Gervase Phinn: Time to say farewell

Sadly this is my penultimate piece for the Opening Remarks column. I think after three years it's time I let someone else share his or her opinions, reminiscences and anecdotes. Over that period, I have been overwhelmed by letters from readers – most complimentary, some critical – and I would like to thank all those who have taken the time and the trouble to write to me.

One memorable letter was from Leslie Huffadine, a former principal lecturer at a college of education, who, having read my piece about early reading schemes, referred me to Chambers Fluent Readers of 1899 with the somewhat dubious list of sentences to start off emergent readers:

Is he up?

Is he to go on?

He is to do it.

Am I to do it?

NO, he is to do it.

I managed to track this book down and added it to my collection. Doreen Whitaker mentioned in her letter Bygone Days, a salutary text that warned children about possible consequences of disobedience. The story of Harriet and the Matches contained the verse:

So she was burnt with all her clothes,

And arms and hands and eyes and nose,

'Til she had nothing more to lose

Except her little scarlet shoes.

And nothing else but these were found

Among her ashes on the ground.

Doreen said that Samuel, her little grandson, shivered and closed the book. "I don't wish to hear any more of that, granny, thank you very much," he told her.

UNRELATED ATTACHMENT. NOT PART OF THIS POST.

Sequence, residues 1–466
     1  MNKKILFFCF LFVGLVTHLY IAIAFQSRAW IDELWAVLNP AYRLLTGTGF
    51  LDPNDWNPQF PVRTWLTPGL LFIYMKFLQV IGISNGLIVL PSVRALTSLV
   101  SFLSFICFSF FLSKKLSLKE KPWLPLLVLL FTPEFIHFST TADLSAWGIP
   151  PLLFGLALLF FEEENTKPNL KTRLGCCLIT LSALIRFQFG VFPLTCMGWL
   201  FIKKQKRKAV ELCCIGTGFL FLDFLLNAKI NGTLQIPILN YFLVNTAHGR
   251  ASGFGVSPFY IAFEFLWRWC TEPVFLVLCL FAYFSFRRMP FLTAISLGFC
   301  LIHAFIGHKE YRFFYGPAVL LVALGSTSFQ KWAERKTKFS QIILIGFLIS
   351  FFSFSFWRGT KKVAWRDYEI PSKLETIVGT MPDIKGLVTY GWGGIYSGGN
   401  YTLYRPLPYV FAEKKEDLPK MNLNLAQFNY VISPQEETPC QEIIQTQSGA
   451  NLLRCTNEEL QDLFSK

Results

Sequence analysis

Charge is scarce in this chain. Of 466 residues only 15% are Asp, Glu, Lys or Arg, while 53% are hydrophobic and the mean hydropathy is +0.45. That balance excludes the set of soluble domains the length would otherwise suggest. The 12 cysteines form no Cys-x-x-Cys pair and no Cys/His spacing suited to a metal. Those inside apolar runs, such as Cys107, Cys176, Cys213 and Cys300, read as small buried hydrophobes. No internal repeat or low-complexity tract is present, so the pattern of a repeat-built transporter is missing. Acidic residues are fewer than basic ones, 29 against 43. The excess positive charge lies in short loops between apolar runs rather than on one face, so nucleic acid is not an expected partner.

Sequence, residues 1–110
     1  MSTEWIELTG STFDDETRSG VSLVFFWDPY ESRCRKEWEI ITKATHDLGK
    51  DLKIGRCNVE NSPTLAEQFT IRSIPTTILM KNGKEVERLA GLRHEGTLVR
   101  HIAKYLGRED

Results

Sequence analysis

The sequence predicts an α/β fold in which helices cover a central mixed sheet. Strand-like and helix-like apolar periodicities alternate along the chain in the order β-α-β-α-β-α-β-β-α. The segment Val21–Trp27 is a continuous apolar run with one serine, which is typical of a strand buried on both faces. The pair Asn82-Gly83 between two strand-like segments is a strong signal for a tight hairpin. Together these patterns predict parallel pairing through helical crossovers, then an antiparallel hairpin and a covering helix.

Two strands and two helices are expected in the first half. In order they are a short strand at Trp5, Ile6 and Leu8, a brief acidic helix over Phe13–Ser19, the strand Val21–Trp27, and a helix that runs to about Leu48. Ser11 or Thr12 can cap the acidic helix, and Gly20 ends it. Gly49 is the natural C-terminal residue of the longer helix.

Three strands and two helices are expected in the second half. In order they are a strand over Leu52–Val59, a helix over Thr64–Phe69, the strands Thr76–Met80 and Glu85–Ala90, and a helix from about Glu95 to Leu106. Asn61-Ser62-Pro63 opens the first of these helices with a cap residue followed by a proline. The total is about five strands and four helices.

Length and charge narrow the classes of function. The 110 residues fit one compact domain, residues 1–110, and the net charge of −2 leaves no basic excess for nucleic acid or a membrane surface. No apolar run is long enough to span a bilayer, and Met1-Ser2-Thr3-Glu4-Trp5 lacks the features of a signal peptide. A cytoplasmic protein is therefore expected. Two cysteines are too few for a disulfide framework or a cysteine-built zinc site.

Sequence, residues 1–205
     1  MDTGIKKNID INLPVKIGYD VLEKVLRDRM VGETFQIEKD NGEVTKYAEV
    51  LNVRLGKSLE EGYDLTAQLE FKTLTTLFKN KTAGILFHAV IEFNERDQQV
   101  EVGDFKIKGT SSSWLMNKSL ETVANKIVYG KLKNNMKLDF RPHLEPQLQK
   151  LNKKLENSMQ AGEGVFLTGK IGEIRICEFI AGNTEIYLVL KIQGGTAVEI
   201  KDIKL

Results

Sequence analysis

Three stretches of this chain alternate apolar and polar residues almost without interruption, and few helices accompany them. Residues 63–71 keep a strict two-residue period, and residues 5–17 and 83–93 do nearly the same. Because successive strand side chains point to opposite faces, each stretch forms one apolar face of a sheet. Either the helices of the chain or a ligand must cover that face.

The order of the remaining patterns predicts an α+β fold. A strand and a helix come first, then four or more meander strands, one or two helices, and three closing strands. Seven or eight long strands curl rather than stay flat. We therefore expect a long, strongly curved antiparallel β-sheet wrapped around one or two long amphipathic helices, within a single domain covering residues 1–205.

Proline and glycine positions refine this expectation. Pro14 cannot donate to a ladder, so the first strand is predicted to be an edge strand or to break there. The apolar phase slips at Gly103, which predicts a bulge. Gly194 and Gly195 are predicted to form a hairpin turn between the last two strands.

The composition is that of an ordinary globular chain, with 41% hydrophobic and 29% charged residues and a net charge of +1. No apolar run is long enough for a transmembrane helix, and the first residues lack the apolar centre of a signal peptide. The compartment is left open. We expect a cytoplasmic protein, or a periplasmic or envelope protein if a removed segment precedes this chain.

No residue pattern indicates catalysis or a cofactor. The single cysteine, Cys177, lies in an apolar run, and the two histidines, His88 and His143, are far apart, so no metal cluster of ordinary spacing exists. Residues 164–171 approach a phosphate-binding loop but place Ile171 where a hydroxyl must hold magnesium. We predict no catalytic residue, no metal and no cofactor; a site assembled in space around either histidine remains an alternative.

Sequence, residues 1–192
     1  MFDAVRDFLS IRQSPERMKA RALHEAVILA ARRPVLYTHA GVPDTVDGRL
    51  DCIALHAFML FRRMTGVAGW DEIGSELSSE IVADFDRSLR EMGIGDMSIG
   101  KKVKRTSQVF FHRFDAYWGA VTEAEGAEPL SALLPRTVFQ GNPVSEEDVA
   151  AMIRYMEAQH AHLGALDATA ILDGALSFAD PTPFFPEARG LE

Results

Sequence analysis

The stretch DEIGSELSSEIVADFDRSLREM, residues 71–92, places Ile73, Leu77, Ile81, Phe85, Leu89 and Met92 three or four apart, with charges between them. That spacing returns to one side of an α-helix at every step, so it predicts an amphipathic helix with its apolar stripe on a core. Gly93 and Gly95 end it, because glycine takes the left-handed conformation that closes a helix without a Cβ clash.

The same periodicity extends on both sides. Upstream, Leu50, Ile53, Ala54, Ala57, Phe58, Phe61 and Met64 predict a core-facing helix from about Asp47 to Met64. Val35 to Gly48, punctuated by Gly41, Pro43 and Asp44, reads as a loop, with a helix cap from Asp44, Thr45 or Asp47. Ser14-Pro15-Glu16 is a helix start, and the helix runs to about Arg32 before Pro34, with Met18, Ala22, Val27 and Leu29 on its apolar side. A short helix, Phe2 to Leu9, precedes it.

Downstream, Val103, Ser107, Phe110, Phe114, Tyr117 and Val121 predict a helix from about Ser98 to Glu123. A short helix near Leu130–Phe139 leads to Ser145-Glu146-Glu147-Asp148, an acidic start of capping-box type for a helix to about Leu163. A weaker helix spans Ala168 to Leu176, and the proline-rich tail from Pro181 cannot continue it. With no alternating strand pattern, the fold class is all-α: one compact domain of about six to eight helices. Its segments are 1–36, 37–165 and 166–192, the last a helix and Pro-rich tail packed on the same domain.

Thank you to John Morgan who put me right about my anecdote of Neil Kinnock, Brian Alderton for his useful advice on how to get rid of my persistent mole and 83-year-old Doreen Illinsworth for her instructions (with diagrams) on how to make a trolley. Geoff Donaldson's dialect poem A Hawporth was a delight and Trevor Walshaw's account of the Great Holmfirth Flood of 1945 was a poignant memory.

There was an unusually large postbag on the subject of unusual names. Eileen Pugh was at school in Bradford with Wendy House and was acquainted with Doris Orris and Maud Mawde. Her husband's friends included Edgar Beaver and Friend Onniens. Ken Morgan taught a Sidney Bridge, a John Thomas and a Justin Finnerty and Pat Armstrong had a child in her class called Yvonne but whose mother insisted in calling her Whyvonny. I was pleased to hear that my readers like JR Warburton and Trevor Walshaw share my sense of humour and my fascination with the inconsistencies and quirks of the English Language. Avril Stuart, an admin officer in a primary school, received a letter from a parent informing her that her daughter would not be at school and apologising for the "incontinence caused".

Helen Platt and Philip Lodge, like many who put pen to paper, shared with me their memories and many teachers related their experiences in the classroom. Sue Travis's letter was particularly touching. She wrote: "I have been a primary school teacher for 34 years and have always maintained that if ever the day dawned when I could not comfort a small child who was hurt or unhappy then that would be the time to throw in the towel."

Thank you for your letters. It is now my turn to do just that.

YP MAG 11/12/10